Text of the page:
Being Ohio State head coach on the sideline in The Game remains one of proudest moments of Meyer's career. His seven-year stint in charge of the program is and will remain revered, as he never lost to Michigan.

That’s nearly twice as long as most players get to enjoy the rivalry, and, for the seniors, it’s even more special. It’s their chance to lead. It’s their chance to supplant a legacy, and the pandemic has robbed the 2020 class of its opportunity to record a moment in the only game that matters to them annually.

"My heart goes out to the seniors," Meyer said. "I mean, I'm absolutely devastated, heartbroken."

At the end of each edition of The Game during Meyer’s tenure, happiness was an emotion met with an equal amount of relief. 

Urban Meyer on Ohio State’s case for the College Football Playoff

Urban Meyer joins Joel Klatt to discuss the Ohio State Buckeyes’ case for the College Football Playoff, even if they don’t play in the Big Ten title game by virtue of not reaching the six-game minimum. He also breaks down the case for the Cincinnati Bearcats, a Group of 5 team with an outside chance at a playoff berth.

Meyer is analyst at FOX Sports and the Big Ten Network now, and he tried to explain to his colleague at BTN, Gerry DiNardo, what The Game means in the city of Columbus, in the state of Ohio, and across the country to the many acolytes of Ohio State football. 

DiNardo – a former coach at Indiana, LSU and Vanderbilt – just didn’t get how much beating Michigan matters to the Buckeyes. 

You could go 1-11 and beat the rival and it’s a good year?

"Absolutely," Meyer said. "You have to believe that if you're going to coach ... You ever stand up in front of a press conference at Ohio State and say that's not true, you might you might need some help getting out of that press conference." 

Or even being welcomed back to your own home.


Before becoming a three-time All-Pro linebacker and four-time Pro Bowler in the NFL, Chris Spielman was a two-time All-American at Ohio State. In 1987, he was named Ohio State Buckeye MVP.

He was born in Canton, Ohio, and raised in Massillon, Ohio. He seemed born to wear Buckeye colors. But he nearly went to Michigan.

Spielman was a heavily-recruited player in 1983. When he was named a high school All-American by USA Today, he was down to two schools: UM and OSU. 

In "Michigan vs. Ohio State: The Rivalry," he related how he became a Buckeye.

"OK, where do you want to go?" his father asked. 

"Dad, I want to go to Michigan."

"You traitor," father told son. "I'll tell you where you’re going. You’re going right down 71 South and you're going to play for the Ohio State Buckeyes." 

Spielman’s father even doubled-down on his hatred for Michigan, knowing his son might defy his father. "Don’t ever come home if you do."

The Game predates the World Series by six years and the birth of the NFL by 23. The first game in the series was played in Ann Arbor, where Michigan battered Ohio State 34-0 in 1897.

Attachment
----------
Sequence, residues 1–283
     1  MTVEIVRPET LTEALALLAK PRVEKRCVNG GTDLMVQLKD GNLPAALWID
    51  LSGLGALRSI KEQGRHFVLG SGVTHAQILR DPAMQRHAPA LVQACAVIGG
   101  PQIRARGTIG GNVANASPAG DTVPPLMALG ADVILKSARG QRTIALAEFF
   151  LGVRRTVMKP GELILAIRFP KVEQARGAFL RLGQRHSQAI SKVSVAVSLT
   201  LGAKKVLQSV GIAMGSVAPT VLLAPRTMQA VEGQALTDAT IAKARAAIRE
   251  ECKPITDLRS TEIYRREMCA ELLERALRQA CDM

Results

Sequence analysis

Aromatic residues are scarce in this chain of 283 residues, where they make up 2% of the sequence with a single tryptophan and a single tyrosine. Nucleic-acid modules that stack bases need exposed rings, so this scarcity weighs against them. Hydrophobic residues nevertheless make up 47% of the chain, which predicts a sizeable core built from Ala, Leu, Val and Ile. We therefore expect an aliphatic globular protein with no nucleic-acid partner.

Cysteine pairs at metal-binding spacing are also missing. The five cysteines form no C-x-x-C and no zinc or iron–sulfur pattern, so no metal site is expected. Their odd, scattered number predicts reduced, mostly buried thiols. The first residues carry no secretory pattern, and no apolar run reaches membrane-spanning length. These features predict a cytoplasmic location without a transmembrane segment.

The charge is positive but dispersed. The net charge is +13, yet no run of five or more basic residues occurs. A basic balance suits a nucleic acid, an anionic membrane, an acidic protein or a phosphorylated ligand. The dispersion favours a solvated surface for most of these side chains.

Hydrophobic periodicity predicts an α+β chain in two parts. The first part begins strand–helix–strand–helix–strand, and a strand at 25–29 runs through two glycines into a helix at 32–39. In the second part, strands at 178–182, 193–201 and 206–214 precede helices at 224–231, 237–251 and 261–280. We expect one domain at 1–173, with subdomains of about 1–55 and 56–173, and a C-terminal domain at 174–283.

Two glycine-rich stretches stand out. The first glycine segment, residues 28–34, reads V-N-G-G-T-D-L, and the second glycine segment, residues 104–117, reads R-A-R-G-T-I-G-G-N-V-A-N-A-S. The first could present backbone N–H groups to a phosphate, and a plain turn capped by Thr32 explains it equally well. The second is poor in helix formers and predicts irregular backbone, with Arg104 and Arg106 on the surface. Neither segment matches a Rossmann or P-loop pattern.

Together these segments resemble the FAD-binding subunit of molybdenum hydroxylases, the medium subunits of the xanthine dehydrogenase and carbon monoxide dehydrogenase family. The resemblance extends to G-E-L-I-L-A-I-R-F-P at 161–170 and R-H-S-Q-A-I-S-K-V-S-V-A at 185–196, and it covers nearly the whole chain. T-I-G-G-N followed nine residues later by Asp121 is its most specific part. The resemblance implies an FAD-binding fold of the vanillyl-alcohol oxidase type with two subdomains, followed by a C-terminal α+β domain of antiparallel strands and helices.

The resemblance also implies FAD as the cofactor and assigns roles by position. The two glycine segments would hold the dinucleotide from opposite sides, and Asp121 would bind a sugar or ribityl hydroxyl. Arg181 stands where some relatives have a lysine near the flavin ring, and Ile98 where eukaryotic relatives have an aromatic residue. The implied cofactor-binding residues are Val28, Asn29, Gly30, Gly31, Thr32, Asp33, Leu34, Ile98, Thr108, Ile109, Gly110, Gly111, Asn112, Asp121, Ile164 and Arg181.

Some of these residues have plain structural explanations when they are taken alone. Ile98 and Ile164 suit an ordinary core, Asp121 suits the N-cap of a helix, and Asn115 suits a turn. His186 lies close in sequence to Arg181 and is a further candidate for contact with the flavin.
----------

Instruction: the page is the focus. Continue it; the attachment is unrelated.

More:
Michigan fans will be quick to tell you that Ohio State didn’t win a game in the rivalry for the next 22 years. That Michigan, not Ohio State, is the winningest program in college football history and more than 40 wins ahead of the No. 2 Buckeyes on that list. 

They’ll also remind you Michigan didn’t lose a game from 1901 to 1904. That by 1950, Michigan claimed eight national titles. 

That the Wolverines had won 10 by the time Jackie Robinson broke Major League Baseball’s color barrier in 1947. That that’s two more national titles than Ohio State can claim in its entire history. 

That a United States President, Gerald Ford, played football in their program. That in the 1950 Snow Bowl in Columbus, a game that produced 45 punts — several on first down — the Wolverines won 9-3 in perhaps the most memorable game of the series, and ended Wes Fesler’s career as Ohio State coach. 

That the "Ten Year War" began with Ohio State getting its butt kicked 24-12 at the hands of the 1969 Michigan Wolverines. That it was Hayes, not Schembechler, who refused to cross the 50-yard-line to shake hands for a decade. 

But Buckeye Archie Griffin’s proudest achievement on a football field isn’t winning two Heisman trophies. It’s winning three gold pants in the rivalry.  

The pants are born of a phrase uttered by former OSU coach Francis Schmidt to inspire his players against a formidable Michigan club during his first season in 1934: "They put their pants on one leg at a time, same as everybody else."  

The Buckeyes won the next game, too. And the next. And the next.  

To commemorate each victory thereafter, Simon Lazarus and Herby Levy created the Gold Pants Club. They created gold pants lapels for each player on each Ohio State team that beat Michigan. 

But it’s under Schembechler’s eye that Michigan became the team of Jim Harbaugh’s youth and where he learned to live as much by the creed of his father, Jack, and mother, Jackie, as he did the sign posted in Schembechler’s UM locker room. 

"Those who stay will be champions."


There’s a story Harbaugh told John U. Bacon for his book "Overtime: Jim Harbaugh and the Michigan Wolverines at the Crossroads of College Football." In it, Harbaugh tells on himself. 

In his boundless will to affect outcomes he has no control over and yet still triumphs. Some might call that optimism — others, cockiness.